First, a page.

Feedbacks on these last 3 months of development.

First step: Research

Our ambition is not easy. We wanted to innovate and exploit all the possibilities of Etherum to build a decentralized hedge fund.

Several projects try to answer this problem, so we started by studying and find the strengths and weaknesses of each. We found out that most are still too centralized where a single user takes the decisions for all the trades and strategies, and this is not our way. We want to give the possibility to everyone to create a proposal and be a part of a powerful hedge fund.

The logical next step was to turn to existing DAO solutions. After a full market analysis, Aragon seemed like the perfect framework to build our project.

Second step: MVP with Aragon

When we first set out on our Aragon journey, we were filled with high hopes and ambitions. We would be using one of the most advanced, if not the most, DAO frameworks available in the Ethereum ecosystem.

Pretty much everything we were looking for in a DAO framework came right out of the box with Aragon: permissions, smart contract upgradability, DAO templates, both customized and built-in Aragon apps, frontend solutions, etc.

We went into it thinking we could focus on our business logic while Aragon would do all the heavy lifting on the DAO side of things. However, having tried Aragon for several months, here are some of the issues we’ve run into.

In the beginning, we tried using Aragon’s CLI or command-line interface to launch DAOs on Rinkeby using their existing tutorials and documentation. The starting tutorials were able to get us up and running in terms of understanding how Aragon apps work, but we were still a bit clumsy with launching our own DAOs.

Luckily, we made use of the Aragon/1Hive discord where engineers familiar with the Aragon framework were able to help us get out of jams. Aaron became our point of contact and he aspired to bring back the Aragon Experts program. This involved one on one meetings in the beginning to get our DAO vision on track.

We were working on modifying the Aragon Finance app to suit our needs. Customizing the smart contract code was simple enough, but we needed to understand how to publish apps both locally and on testnet using the AragonPM. Once we were able to find a working command to publish Aragon apps, it became easier to install our Aragon apps onto our deployed DAOs. We then began work on building our Aragon template.

We initially had an issue deploying our DAO using the template due to gas issues but with help from Aaron, we learned to break up the deployment into separate transactions to get around the gas issue.

With the template working, we were able to speed up local development because the developer would only need to make changes to the app they were working on and then launch the template to see the end result. While working on the Uniswap Aragon app, we ran into peculiar frontend issues where we simply had to resort to trial and error to get around them. Even after fixing them, we would be plagued by vague frontend issues which would stop us dead in our tracks.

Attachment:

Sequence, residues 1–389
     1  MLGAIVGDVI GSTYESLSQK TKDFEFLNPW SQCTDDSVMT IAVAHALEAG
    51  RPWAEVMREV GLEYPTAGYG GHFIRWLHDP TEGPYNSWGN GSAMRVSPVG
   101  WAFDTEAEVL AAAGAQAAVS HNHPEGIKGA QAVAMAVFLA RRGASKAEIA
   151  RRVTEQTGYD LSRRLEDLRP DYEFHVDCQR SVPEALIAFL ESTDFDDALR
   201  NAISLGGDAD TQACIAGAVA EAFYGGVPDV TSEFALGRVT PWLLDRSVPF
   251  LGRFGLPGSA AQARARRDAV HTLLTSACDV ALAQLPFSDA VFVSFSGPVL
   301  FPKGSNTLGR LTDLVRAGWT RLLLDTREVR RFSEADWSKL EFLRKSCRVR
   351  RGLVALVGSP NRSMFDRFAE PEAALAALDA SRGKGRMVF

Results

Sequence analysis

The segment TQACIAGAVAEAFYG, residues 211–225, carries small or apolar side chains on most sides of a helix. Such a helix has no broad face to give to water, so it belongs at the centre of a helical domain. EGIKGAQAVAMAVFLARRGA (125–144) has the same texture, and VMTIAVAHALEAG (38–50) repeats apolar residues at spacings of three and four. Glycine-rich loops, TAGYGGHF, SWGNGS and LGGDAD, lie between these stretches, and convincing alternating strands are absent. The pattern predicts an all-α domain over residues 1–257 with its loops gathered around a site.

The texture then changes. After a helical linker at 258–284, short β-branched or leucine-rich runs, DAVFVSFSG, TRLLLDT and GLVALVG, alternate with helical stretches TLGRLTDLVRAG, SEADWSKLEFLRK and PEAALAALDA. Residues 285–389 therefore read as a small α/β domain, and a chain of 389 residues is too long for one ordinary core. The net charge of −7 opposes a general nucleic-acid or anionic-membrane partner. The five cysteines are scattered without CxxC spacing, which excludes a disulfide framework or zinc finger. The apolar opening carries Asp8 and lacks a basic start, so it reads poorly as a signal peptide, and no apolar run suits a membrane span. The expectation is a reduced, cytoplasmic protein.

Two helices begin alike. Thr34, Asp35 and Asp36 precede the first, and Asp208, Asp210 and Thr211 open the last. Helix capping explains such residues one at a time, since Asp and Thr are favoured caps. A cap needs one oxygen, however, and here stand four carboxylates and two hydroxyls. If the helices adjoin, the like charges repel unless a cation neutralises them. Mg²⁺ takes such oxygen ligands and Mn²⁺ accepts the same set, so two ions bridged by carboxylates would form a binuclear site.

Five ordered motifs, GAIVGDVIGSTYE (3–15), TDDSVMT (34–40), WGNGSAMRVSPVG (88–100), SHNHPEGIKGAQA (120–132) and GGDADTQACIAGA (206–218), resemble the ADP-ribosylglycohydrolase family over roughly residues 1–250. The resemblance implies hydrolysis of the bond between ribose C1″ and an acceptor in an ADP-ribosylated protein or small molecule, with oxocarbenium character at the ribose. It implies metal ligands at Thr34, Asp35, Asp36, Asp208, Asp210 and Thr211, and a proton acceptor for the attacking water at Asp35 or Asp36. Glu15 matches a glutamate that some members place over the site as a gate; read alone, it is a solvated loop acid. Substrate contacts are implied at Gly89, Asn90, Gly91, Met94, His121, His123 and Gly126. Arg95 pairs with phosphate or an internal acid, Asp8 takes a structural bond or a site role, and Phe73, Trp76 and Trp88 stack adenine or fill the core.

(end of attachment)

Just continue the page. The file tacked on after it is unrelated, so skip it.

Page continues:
It didn’t help that Aragon OS was running on an older compiler version of solidity (v4) which made it difficult to reconcile with custom Aragon apps that needed to run on later versions of the solidity compiler. It also appeared that we had exhausted support in Discord and with our one on ones with Aaron. There were many times when we felt all alone, especially since Aragon was eventually moving away from Aragon OS to focus on Aragon Governance, its V2 launch.

Using older, brittle Solidity code in Aragon OS made it that much more difficult to maintain and debug code. The relative youth of Solidity during which Aragon OS was built did not help matters. It felt like the Aragon team was ahead of its time, so it was a shame to see the core devs quit the project. It also didn’t help that existing documentation was outdated and sparse.

In the end, we spent three months with 2 full developers and 2 part-time developers and were almost there, but we were faced with a new problem at each turn. It was a frustrating time for all of us because we wanted to do everything possible to offer you an innovative and quality project.

Third step: MVP from scratch

Full of frustration (and knowledge), we made the decision, with everything we had learned thanks to Aragon, to completely develop our own system. We aim to retain the good parts of what we learned while no longer depend massively on other people’s legacy code: we master the whole system.

We started this stage, and we already have very good results, our first MVP is progressing well and this is very motivating for all the team to see real progress.

Furthermore, we can now work on real business code rather than wasting time running third-party code. For example, we are currently working on carrying out trades via Uniswap v3.

As the success of a decentralized hedge fund is based on interactions, and interactions are now too costly to succeed on Etherum, so we studying the possibility to deploy our hedge-fund on another EVM chain. We also are hoping to add more EVM chains as we progress, however, our first priority is to get the system up and running on one important chain before porting it to more.

We hope to be able to give you more information about this new version in the near future. From now on, we will also dedicate a part of our time to post an update frequently. We will also do our best to hurry up on an updated roadmap and a new reward plan for liquidity providers before the release of the MVP project!

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